Oh, Shanghai, you really do have such interesting things to see, don't you? My trip there was full of odd moments, funny signs (not all of which were intentional), beautiful scenes, and colorful images that I will long remember.
A trio of signs in a housing estate meant to encourage residents to respect the greenery. Translations into English were a bit questionable: "You need spicery and I protection" (maybe relative to variety being the spice of life?); "Meet with life and green counterparts"; and "Treat plants wall and get good return" (okay, I kind of understood that one).
"Assists the happy building?" Sorry, come again?
We saw several health clinics with rather blunt names. Here is the Diarrhea Clinic. Okay, I guess that is easier to say than "Gastrointestinal Distress Clinic".
Random advertisement: "Have duck, must have suck!!"
Street food! We passed a shop specializing in ham. They were preparing for a delivery, strapping ten smoked and dried pig legs to the back of a bicycle.
Roasted corn and sweet potatoes sold on the street. Perfect for cool weather! On the right, Daniel tries one. Sadly, I forgot to get a picture of Jason, too.
Lots of modern vehicles in Shanghai, but also a lot of people using pretty old (and inventive) methods of conveyance.
Wait a minute, is that a large stuffed bear in that cart?
Almost anything can fit on the back of a bicycle, even if it means that the passenger has to walk alongside.
The antiques market ("antiques" really needs quotes around it because few things are really antiques) is a great place for kitsch. My favorite must-have item:
Yes, a portrait of Chinese Communist Party heroes that changes images as you move. From the left: Jiang Zemin, Mao Zedong, and Deng Xiaoping. I guess the American equivalent would be Lincoln, FDR, and Kennedy?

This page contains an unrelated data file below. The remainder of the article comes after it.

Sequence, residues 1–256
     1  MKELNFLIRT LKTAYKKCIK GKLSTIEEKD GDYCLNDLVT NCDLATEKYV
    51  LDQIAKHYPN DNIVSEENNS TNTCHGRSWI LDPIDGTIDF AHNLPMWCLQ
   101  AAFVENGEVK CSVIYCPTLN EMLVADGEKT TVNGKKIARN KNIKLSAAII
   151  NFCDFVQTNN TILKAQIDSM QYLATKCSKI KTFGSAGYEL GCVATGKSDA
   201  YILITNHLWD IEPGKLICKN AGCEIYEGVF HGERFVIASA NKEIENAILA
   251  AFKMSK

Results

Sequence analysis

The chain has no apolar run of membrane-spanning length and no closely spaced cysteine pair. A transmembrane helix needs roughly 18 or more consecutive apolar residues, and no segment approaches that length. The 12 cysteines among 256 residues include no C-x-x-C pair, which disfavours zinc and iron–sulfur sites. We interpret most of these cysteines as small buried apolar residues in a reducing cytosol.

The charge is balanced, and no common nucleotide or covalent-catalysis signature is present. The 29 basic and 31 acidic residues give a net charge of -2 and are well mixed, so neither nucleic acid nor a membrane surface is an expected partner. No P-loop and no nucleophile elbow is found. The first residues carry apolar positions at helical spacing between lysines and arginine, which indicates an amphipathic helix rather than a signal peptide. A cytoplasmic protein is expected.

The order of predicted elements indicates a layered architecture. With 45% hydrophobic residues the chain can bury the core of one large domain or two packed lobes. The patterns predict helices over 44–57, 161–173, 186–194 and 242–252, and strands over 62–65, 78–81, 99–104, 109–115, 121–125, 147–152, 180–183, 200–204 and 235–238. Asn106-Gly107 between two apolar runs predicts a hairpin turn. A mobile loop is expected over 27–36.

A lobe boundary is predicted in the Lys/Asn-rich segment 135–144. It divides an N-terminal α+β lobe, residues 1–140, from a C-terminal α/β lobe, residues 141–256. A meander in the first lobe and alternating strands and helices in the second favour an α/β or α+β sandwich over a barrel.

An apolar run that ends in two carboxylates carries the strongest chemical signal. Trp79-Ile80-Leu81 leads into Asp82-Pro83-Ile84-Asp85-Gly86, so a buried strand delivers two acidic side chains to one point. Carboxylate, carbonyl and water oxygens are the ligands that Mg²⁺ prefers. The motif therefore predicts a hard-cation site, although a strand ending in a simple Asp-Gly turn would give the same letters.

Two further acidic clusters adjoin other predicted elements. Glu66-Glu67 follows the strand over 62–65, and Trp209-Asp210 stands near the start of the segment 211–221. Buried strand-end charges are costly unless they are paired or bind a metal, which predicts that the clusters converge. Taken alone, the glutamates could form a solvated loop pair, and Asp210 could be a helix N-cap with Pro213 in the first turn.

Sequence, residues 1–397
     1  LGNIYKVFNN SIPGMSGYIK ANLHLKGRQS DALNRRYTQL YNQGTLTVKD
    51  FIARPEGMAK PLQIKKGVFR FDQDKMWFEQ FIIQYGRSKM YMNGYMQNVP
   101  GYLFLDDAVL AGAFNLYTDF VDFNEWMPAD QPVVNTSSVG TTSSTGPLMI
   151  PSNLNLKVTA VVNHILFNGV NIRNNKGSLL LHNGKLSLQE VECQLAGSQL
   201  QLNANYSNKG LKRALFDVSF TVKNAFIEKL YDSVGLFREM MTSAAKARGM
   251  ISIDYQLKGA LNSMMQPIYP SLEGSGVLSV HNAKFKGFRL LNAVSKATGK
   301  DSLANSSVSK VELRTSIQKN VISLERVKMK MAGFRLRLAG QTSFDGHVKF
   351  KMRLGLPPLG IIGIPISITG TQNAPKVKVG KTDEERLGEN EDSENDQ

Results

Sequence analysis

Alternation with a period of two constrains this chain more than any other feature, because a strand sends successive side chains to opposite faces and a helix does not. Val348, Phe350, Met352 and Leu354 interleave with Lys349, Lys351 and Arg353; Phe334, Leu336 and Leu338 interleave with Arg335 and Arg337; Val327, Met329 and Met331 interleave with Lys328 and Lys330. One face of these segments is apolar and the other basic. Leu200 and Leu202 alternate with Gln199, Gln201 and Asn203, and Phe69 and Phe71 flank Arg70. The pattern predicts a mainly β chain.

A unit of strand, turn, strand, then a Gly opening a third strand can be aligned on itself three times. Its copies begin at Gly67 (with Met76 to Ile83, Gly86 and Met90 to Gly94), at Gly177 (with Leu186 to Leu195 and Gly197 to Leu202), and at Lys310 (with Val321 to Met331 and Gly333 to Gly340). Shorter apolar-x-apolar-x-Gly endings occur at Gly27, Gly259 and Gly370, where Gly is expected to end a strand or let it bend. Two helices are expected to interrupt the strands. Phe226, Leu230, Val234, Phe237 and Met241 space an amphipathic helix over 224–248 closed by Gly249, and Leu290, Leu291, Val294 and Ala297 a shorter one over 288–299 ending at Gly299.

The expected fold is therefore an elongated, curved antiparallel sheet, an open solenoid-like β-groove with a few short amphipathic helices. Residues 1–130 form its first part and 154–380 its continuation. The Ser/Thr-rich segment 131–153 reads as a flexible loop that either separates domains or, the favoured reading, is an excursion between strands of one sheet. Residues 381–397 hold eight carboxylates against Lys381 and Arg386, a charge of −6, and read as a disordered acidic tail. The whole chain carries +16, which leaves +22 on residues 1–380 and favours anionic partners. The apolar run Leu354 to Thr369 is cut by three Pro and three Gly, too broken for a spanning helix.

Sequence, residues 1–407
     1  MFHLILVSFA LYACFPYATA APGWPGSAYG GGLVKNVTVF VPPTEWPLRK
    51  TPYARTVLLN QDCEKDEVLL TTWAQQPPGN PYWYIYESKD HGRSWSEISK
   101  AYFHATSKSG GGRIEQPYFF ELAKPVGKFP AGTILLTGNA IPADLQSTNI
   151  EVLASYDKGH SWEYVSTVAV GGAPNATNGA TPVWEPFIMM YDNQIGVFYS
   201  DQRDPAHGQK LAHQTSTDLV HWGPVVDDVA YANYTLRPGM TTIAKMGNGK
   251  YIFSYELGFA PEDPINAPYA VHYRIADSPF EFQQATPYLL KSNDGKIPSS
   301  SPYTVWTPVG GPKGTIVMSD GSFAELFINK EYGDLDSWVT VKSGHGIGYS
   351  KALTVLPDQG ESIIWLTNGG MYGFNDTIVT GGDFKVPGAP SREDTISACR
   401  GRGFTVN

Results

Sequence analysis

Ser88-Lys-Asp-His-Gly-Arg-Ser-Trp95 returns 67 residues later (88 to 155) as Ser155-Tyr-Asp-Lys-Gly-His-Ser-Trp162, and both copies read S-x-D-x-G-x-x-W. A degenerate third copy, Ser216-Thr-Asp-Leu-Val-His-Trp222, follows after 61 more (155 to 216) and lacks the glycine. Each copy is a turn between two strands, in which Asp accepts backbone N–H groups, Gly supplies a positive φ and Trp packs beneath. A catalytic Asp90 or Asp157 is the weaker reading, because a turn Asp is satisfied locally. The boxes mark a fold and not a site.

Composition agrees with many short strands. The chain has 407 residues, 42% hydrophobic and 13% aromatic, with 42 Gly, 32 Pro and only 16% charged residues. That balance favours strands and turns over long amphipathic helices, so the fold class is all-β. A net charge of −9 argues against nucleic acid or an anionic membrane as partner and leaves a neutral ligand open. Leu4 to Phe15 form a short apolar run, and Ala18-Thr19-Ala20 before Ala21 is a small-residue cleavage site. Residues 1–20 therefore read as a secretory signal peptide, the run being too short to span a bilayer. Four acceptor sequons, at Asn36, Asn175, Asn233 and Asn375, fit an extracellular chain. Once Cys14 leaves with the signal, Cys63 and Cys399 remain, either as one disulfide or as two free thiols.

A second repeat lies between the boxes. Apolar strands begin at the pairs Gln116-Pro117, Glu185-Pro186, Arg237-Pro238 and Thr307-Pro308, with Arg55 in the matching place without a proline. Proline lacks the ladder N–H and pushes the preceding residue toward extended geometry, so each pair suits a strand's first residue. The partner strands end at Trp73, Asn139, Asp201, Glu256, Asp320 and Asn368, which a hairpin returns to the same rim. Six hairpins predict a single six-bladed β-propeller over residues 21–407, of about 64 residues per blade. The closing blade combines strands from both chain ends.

Bird ownership is very popular in Chinese culture. I passed this guy standing on the street and couldn't figure out at first glance what was in his hands.
Lots of effort made to beautify the city. In front of a new set of retail shops that are about to open, someone decided to build a little fence around a fire hydrant, which they must have thought to be unsightly. The beautify the fence, they tied small artificial plants to it. Of course the tags are still on the plants, making the whole thing as ugly as could be. Oh, and I checked: the artificial plants were made in the USA. No, just kidding... they were made in China.
There were lots of buildings being built and shops being remodeled. I found this one interesting just because of the mirror.
Beautiful small park in the midst of the French Concession. It definitely has a European feel to it, doesn't it?
Maybe it was just the chilly autumn weather, but love was everywhere in Shanghai.
Lots of people were taking wedding photos. It is common in a lot of Asian cultures to take your wedding photos before the day of the wedding. Maybe there is a rush of weddings in the next few months, to sneak them in during the auspicious Year of the Dragon?
We wanted to get in on the action, too!
Okay, one more Shanghai entry coming up (about the mag-lev train to the airport) and that wraps up that trip. Happy Thanksgiving to everyone in the United States.